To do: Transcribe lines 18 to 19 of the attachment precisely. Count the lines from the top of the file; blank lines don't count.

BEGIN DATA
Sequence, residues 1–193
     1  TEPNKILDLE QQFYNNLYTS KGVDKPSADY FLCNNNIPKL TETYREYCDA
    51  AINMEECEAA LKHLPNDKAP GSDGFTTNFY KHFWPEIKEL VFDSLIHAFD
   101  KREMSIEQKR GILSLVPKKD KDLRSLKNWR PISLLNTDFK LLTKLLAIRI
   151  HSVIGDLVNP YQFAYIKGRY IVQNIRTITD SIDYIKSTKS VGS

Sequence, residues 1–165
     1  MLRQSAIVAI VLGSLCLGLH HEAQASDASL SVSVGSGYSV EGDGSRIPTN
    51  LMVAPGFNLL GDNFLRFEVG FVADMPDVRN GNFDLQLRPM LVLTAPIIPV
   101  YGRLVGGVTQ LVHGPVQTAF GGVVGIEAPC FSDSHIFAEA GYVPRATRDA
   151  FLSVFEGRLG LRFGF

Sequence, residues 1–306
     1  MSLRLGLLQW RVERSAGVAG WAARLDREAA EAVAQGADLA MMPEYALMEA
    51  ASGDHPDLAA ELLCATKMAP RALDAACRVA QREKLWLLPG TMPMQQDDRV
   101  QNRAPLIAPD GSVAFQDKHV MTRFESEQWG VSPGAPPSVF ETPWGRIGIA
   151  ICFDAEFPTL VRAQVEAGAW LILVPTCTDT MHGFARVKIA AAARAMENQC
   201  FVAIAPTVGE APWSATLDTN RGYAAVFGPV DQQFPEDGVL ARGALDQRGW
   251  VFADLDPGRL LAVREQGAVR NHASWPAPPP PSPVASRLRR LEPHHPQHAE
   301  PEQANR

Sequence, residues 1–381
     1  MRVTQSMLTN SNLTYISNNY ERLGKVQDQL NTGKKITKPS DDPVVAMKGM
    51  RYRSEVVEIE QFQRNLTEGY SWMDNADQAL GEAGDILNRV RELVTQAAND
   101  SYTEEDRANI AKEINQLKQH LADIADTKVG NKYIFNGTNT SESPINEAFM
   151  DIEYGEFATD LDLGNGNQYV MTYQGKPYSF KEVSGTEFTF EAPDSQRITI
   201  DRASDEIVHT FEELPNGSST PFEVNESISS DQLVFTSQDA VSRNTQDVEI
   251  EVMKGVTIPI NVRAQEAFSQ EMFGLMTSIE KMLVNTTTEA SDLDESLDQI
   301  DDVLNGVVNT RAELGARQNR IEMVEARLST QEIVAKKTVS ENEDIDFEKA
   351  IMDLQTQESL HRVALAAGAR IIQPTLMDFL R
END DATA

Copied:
   301  PEQANR

Sequence, residues 1–381